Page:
Fraud in the Workplace: Building an Ethical Organization Environment
Social Media Risks in the Workplace

What is the Ethical-Person Organization fit?

Aligning Individual Ethical Behavior with Organization Culture

In my previous two blogs I talked about Building an Ethical Workplace Environment and Character and Leadership in the Workplace. This is the third blog in the series that has examined organization culture. In this blog I look at the concept of the ethical person-organization fit upon the person-organization exchange, within each of the four potential fit options. It may sound more complicated and too academic for you but it is quite basic. The ethical-person organization exchange refers to how the ethics of an individual in an organization fits with the ethics of the organization. The fit has many implications for building an ethical workplace environment.

Mary Jo Burchard of Regent University explains what she calls “the Ethical Dissonance Model” to illustrate the interaction between the individual and the organization, based on the person-organization ethical fit at various stages of the contractual relationship in each potential ethical fit scenario. The model is complex, so I will restrict my explanation to the basics of the person-organization interchange and its implications for ethical behavior within organizations. This is an important consideration because the ethics of an individual influences the values that one brings to the workplace and decision making, while the ethics (through its culture) of an organization influences that behavior.

Of the four potential fit options, two possess high person-organization fit: (1) high organizational ethics, high individual ethics (High-High), and (2) low organizational ethics, low individual ethics (Low-Low); and two possess low person-organization fit: (1) high organizational ethics, low individual ethics (High-Low) and (2) low organizational ethics, high individual ethics (Low-High).

Imagine that you are working on a project and your boss directs you to do something that you believe is unethical. Maybe it is to fudge the numbers to make the project look more successful than it is. If the organizational fit is Low-High, you have a problem. Your ethical standards are higher than the organization you work for. How will you deal with the dilemma?

In this case we have what is referred to as ‘ethical dissonance.’ Ethical dissonance is the psychological tension between an employee and the organization when the ethical fit is not a good one. When your standards of behavior differ from the organization’s standards, you will feel uncomfortable and torn between doing what you know is the right thing to do as opposed to what may be expected of you by the organization.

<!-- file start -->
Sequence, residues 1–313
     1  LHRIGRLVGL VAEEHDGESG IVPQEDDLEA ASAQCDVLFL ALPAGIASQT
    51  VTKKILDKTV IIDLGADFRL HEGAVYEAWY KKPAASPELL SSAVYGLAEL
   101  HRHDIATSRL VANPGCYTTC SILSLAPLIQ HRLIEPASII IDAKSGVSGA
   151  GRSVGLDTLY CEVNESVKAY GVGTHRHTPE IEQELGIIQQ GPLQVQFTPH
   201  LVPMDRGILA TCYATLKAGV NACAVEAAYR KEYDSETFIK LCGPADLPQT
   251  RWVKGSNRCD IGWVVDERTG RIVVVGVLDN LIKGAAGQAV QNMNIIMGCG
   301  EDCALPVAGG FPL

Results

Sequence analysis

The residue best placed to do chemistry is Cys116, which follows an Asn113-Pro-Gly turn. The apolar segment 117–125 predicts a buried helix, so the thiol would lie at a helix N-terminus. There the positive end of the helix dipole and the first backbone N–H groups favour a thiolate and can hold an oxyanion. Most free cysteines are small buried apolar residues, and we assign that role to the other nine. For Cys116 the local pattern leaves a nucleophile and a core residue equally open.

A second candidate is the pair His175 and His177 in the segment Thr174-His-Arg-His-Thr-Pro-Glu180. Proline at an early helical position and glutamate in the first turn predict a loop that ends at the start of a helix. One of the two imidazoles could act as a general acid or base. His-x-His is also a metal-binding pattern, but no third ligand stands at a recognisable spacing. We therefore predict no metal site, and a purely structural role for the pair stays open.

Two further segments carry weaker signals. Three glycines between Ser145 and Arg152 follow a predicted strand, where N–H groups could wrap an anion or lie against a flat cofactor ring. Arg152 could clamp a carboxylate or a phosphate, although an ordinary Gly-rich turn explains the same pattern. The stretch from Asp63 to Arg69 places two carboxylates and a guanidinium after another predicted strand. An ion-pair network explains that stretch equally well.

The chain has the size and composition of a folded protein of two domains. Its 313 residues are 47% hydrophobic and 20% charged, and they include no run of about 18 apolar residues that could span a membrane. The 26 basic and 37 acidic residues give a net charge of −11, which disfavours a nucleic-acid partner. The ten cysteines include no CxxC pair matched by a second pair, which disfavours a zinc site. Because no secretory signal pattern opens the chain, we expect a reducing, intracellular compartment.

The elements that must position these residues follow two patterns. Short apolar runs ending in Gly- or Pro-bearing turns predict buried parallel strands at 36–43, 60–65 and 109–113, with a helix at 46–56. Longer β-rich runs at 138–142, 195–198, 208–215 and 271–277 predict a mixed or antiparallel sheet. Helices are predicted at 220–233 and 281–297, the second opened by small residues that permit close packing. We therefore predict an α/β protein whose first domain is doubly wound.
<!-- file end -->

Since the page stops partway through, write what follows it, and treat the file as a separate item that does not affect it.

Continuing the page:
The underlying problem in this case is a difference in values. The individual values honesty while the organization values loyalty. It expects you to be a team player and go along with the fudged numbers. Given the Low-High fit, you will be under a significant amount of pressure to ‘take one for the team.’ However, once you compromise your beliefs, it won’t be long before you begin the slide down the proverbial ethical slippery slope.

A reduction in job satisfaction is likely if an employee striving to be ethical perceives little top management support for ethical behavior, an unfavorable ethical climate in the organization, and/or little association between ethical behavior and job success.  Once this ethical dissonance is discovered, the likelihood of employee turnover rises.

Sims and Keon found a significant relationship between the ethical rift between one’s personal decisions and the perceived unwritten/informal policies of the organization, and the individual’s level of comfort within the organization. The greater the difference between the decisions that the individual made and the decisions perceived as expected and reinforced by the organization, the greater levels of discomfort the individual would feel, and the more likely the individual would be to report these feelings of discomfort.

I have been a strong proponent of ethics training in organizations. One mistake organizations make is to focus attention on the code of conduct and not on the person-organization ethical fit. This is essential to bring each dimension into line with the other, especially if the fit is High-Low. An organization must be able to control the actions of its employees and not let a rogue employee go ‘off the reservation’ and cause undue harm to the organization and its reputation.

Creating an ethical organization environment is a process that aims to have a High-High fit and one that brings about ethical awareness, expected standards of behavior, and an action plan to ensure the organization’s values form the foundation for all decisions. Incorporating the ethical fit into ethics training can help to align organizational and individual goals and motivation for behavior.

Blog posted by Steven Mintz, aka Ethics Sage, on October 18, 2013

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